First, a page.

In April of 2012, I learned that the 'Weed Watch' campaign includes nasturtium (Tropaeolum majus) among the species NOT to plant if we are to "Stop the Invasion" of plants that "fuel wildfires, degrade grazing land, contribute to soil erosion, clog streams and rivers, and increase the risk of flooding." Therefore I have exercised considerable restraint in allowing nasturtiums to appear in my garden. In winter and spring I let them take over the strip devoted to herbs and veggies and climb to the top of our chain link fence. When peas, beans, and tomatoes need the space, I rip the nasturtiums out and let their bouncy seeds fall to the ground, where they will almost immediately germinate. This 'second coming' of nasturtium plants is thinned repeatedly but allowed to play their traditional role as companion plants to attract pests away from wanted plants.

In the photo below, you can see how this works. Two well-camouflaged green worms appear to be relaxing on the nasturtium leaf at upper left, possibly dreaming of the day they will morph into white moths. Meanwhile the tomato leaf at upper right remains untouched.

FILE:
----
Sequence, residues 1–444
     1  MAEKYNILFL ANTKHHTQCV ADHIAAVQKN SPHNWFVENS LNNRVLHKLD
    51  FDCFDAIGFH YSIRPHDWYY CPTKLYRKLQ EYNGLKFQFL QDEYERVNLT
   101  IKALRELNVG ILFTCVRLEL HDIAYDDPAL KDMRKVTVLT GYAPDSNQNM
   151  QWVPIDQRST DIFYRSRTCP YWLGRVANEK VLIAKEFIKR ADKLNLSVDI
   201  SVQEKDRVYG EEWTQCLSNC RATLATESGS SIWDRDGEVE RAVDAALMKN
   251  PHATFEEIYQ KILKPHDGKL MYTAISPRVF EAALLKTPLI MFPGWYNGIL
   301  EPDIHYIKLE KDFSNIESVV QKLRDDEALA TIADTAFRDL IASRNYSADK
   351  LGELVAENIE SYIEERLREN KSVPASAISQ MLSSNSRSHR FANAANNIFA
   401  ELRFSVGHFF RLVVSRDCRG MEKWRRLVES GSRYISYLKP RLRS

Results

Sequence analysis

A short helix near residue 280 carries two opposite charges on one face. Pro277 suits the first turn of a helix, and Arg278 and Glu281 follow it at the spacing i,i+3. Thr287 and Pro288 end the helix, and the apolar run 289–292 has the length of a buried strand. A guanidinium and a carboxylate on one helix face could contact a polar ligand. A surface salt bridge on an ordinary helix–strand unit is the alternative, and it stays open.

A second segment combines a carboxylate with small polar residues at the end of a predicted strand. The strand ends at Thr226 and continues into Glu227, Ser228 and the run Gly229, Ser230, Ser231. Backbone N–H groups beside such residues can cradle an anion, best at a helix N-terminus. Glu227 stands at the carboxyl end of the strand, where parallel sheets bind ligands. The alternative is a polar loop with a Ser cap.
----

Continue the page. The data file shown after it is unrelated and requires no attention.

Though it shows oregano, tarragon, and marjoram to good advantage, I do not like this photo. The sun was so bright that all I could see on the screen of my smart phone was my own reflection. I showed the worms and the photo to Steve, and he wisely offered a solution: "Why don't you take off the leaf?" Why, indeed? So I carried the leaf and its little sunbathers inside and placed them on a piece of band music. What a lovely setting:

After snapping this photo, I gently placed the nasturtium leaf, worm-side down, in a compost digester. A couple of hours later, the worms had vanished while the leaf was virtually unchanged.

Though I often choose a politically correct option when facing a moral dilemma, I feel no guilt about harboring nasturtiums. I have repented my old way of letting them run rampant, but I have have never believed that, in the context of my urban, self-contained garden, they would "fuel wildfires, degrade grazing land, contribute to soil erosion, clog streams and rivers, and increase the risk of flooding." Even so, I keep an eye on them. A good way to see a flower or two.

This photo, taken earlier this morning before the sun hit this part of the garden, shows at least two nasturtiums keeping watch over some small Swiss chard. Unfortunately in this case the pests seem to prefer the chard.

Saturday, July 11, 2015

year of the bean

I haven't blogged about growing beans since June of 2010, when I wrote look at them beans in the misguided state of euphoria I experienced after getting scarlet runner beans and hyacinth beans to grow on our chain link fence. By January of 2012, I had given up my fascination with hyacinth beans and their alleged magic, and today I view the scarlet runner bean (SRB) as a threat to civilization as we know it.